HR future leader of the month: Jorda Haile
HR magazine speaks to the future leaders of the industry to discover what makes them tick
After completing my business degree my dream was to work for the UN in my parents’ home country Eritrea. A rotational internship was available with a 60% focus on HR, and it was during this time I realised how essential HR is for a company and how diverse it is in its offering. HR has truly evolved – it’s gone from a sub-function of the finance department to a department of its own because of how important people are to a business.
My proudest achievement so far has been establishing Tapestry’s Total Rewards programme in February 2016. This outlines bonus schemes, salary reviews and benefits for employees in Europe to both attract and retain staff. Tapestry’s Wellness Week was also a proud moment – there were sessions on financial wellbeing, mental wellbeing, as well as managing stress and relationships. We also offered free sports massages and manicures, free health screenings and unveiled a gym membership programme.
I’m currently reading Breaking the Habit of Being Yourself by Joe Dispenza. I love asking the question ‘why?’ – not just to others but to myself. I’m also reading The 5 Second Rule by Mel Robbins (if you procrastinate or constantly ‘multitask’ you should read this book), and Lean In by Sheryl Sandberg – a must for young female professionals.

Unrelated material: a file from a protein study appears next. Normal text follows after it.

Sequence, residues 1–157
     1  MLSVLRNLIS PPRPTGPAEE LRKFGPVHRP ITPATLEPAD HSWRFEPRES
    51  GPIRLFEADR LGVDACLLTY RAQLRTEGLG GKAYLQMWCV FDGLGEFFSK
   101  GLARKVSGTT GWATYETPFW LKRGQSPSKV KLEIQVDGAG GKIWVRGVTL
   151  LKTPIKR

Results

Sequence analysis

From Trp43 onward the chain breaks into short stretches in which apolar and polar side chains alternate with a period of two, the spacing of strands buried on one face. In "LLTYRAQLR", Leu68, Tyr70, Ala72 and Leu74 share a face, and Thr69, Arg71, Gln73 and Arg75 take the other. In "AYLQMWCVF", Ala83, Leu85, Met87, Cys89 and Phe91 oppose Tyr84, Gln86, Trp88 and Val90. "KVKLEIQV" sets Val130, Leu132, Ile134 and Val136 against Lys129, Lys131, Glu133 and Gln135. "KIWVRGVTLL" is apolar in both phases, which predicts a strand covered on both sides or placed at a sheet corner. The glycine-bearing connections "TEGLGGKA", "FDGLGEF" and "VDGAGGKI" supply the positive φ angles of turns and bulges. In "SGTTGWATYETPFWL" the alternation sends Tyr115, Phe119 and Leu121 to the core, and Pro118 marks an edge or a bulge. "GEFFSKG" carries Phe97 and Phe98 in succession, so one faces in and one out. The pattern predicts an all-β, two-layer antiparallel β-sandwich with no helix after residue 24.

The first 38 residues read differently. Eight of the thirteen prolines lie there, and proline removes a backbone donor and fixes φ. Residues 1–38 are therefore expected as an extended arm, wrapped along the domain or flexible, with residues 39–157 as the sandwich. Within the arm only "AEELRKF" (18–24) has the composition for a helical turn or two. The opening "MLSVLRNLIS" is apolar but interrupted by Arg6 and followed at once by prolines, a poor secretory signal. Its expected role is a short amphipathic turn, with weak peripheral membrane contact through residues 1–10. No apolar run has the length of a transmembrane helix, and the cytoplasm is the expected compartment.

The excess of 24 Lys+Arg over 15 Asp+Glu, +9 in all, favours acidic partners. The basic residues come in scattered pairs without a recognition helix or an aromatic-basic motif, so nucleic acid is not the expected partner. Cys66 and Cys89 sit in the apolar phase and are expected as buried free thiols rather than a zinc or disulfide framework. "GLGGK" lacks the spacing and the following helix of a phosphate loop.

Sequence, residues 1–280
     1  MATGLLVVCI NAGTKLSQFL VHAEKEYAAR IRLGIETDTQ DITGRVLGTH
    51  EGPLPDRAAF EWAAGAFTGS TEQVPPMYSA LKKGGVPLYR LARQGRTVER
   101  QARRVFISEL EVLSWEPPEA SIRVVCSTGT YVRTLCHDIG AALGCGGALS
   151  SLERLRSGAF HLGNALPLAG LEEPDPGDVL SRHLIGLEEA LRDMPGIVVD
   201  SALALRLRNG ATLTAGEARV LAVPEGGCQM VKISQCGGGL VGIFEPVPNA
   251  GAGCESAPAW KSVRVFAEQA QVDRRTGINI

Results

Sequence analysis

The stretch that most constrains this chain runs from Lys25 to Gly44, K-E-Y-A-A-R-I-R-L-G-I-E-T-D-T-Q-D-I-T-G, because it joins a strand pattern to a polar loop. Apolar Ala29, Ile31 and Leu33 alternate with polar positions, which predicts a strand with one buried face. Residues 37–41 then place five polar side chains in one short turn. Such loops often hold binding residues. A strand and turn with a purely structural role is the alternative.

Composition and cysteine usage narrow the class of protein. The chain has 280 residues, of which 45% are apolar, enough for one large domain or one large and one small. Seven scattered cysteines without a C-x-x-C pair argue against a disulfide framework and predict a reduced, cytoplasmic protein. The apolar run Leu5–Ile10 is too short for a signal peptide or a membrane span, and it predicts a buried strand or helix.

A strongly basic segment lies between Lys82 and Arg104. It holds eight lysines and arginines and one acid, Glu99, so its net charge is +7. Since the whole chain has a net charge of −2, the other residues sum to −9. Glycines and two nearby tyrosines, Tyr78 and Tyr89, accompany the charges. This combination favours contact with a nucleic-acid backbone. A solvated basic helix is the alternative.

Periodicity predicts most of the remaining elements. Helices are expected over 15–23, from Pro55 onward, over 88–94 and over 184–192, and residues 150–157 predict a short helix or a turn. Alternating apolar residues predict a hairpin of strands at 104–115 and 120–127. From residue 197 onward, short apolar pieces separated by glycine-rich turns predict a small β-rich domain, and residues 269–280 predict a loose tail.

I’m listening to audiobooks at the moment and love SuperSoul Sessions, hosted by Oprah Winfrey. There are several on conscious leadership, which make me more aware of the way I speak to people and the decisions I make. It teaches me to be more inclusive and open-minded.
Seven words that make me cringe are ‘we have always done it this way’. It’s imperative that HR is proactive instead of reactive. Listen to your people and open an honest dialogue. Pay attention to what your peers and competitors are doing in this space. Maintain authenticity. And foster an environment that allows for more creativity, innovation and empathy.
I wish I’d known starting out that the way you communicate in HR can make or break anything you have been working on. For example: communicating the details of a pension plan. When you include too many details in a letter people don’t read it. So I add colour, curate the content to keep it concise, and add an attachment with further details.
My advice to others just starting out would be don’t take the ‘human’ out of HR. We are as much about our employees as we are about the business. They go hand in hand and they equally need each other.
Jorda Haile is senior manager, total rewards – HR Europe at Tapestry (Coach, Kate Spade and Stuart Weitzman)